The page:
Having enough credibility to give advice on marriage seems unattainable. I cannot imagine being accomplished enough in marriage to be able to give advice in twenty years much less after only three. It seems like once I think I have learned to serve a little more selflessly or love a little more purely, it is quickly revealed to me how far from the ideal I really am.
In the short three years that I have been married, I have experienced the reality of what everyone told me, but with my rose-colored glasses on I could not fully see: Marriage is very hard work.
Marriage requires laying down your life for another person every single day. Laying down your desires and wants, your needs and expectations, your feelings and thoughts so that someone else may take precedence before yourself.
I was told this before I was married, and I even had an illustration from the Bible before I was married:
“Husbands, go all out in your love for your wives, exactly as Christ did for the church-a love marked by giving, not getting. Christ’s love makes the church whole. His words evoke her beauty. Everything he does and says is designed to bring the best out of her, dressing her in dazzling white silk, radiant with holiness. And that is how husbands ought to love their wives. They’re really doing themselves a favor-since they’re already “one” in marriage. No one abuses his own body, does he? No, he feeds and pampers it. That’s how Christ treats us, the church, since we are part of his body. And this is why a man leaves father and mother and cherishes his wife. No longer two, they become “one flesh.” This is a huge mystery, and I don’t pretend to understand it all. What is clearest to me is the way Christ treats the church. And this provides a good picture of how each husband is to treat his wife, loving himself in loving her, and how each wife is to honor her husband.” Ephesians 5:25-33 (The Message)
But that did not make it any easier. It is one of those things that until I experienced it myself, I did not believe it could be that hard.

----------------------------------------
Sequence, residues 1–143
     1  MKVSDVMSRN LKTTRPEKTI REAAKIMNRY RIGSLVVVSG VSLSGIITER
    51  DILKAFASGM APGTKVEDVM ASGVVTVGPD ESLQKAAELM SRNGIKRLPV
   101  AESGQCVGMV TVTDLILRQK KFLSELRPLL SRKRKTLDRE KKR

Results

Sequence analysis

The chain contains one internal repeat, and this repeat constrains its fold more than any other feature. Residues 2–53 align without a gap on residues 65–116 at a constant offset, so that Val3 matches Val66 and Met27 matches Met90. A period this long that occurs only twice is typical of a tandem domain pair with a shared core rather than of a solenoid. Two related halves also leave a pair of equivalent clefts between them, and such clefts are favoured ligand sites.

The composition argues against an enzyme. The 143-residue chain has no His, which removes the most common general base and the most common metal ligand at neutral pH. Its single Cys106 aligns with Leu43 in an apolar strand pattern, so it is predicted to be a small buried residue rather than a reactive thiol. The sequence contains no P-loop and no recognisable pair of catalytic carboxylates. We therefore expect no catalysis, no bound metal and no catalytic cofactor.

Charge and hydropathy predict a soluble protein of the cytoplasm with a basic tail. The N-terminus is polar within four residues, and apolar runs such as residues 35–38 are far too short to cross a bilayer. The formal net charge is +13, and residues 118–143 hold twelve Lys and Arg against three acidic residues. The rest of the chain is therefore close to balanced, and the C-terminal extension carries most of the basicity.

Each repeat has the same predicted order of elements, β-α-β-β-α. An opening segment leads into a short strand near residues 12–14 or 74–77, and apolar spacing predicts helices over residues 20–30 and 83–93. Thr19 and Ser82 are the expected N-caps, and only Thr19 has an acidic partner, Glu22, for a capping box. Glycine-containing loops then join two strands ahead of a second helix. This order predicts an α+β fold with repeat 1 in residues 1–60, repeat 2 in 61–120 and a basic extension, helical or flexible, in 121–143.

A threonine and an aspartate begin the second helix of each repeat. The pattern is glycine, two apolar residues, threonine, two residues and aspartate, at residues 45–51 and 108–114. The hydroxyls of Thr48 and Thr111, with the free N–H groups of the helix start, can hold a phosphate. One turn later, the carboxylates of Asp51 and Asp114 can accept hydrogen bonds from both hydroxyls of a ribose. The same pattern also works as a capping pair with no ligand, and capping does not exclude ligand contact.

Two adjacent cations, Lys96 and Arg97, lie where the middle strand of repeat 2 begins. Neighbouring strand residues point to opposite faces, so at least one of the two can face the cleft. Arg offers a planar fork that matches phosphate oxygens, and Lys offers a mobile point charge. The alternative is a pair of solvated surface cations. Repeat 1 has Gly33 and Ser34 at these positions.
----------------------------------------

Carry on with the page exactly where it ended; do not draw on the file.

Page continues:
The circumstances that have surrounded John and my marriage for the past three years have given us the blessing of experiencing “laying down of our lives” for the other person with immediate force and a jolt that left us without room for contemplating any other path.
For the first two years of our marriage John suffered from severe heart failure. Each month his heart weakened, and we grew closer to the crossroad of a heart transplant. John was weak. He was sick.
But he still laid down his life for me.
The doctors told John that they did not know how he was continuing to work, but he kept working. John could not mow the lawn all at one time, so he mowed a row at a time. We could not make it to our yearly sushi anniversary dinner, so we ordered sushi in and ate it Japanese style. The day before he went into the hospital it was my birthday, and he took me to a restaurant, barely able to walk to our table. John kept a smile on his face, never complained, and said to me, “I’m going to fight for you.”
And then I laid down my life for him.
The lifetime we have lived in only three short years has been a blessing by forcing us to lay down our lives or completely give up. We now see our marriage and the world from a different angle, an angle we would probably still be blind to without our experience.
However, it still did not make me perfect at laying down my life every day for my husband. I am never perfect at it, and a lot of days I am not even good at it.
That is where grace come in, and I mean a lot of grace.
“Get rid of all bitterness, rage and anger, brawling and slander, along with every form of malice. Be kind and compassionate to one another, forgiving each other, just as in Christ God forgave you.” Ephesians 4:30 (NIV)
We have gotten in the habit of simply asking, “Please give me grace right now”, when we need it most. I have found that it is the simplest way to diffuse the height of emotion that can lead to words of regret. Again, this is not how all of our conflict plays out, but when it is handled in this way it brings such peace.
In two days we will celebrate our third anniversary. Three years in I can say that marriage is by far the hardest thing I have ever attempted in my life. It is also the thing that has drawn me closer to God more than anything else. It is sanctifying me by teaching me how to lay down my life for someone else just like Jesus laid down his life for me. It is also something than I cannot do on my own. I have to call out to God each day just to have an inkling of how to love John the way I need to.
This makes marriage God’s mystery and God’s miracle.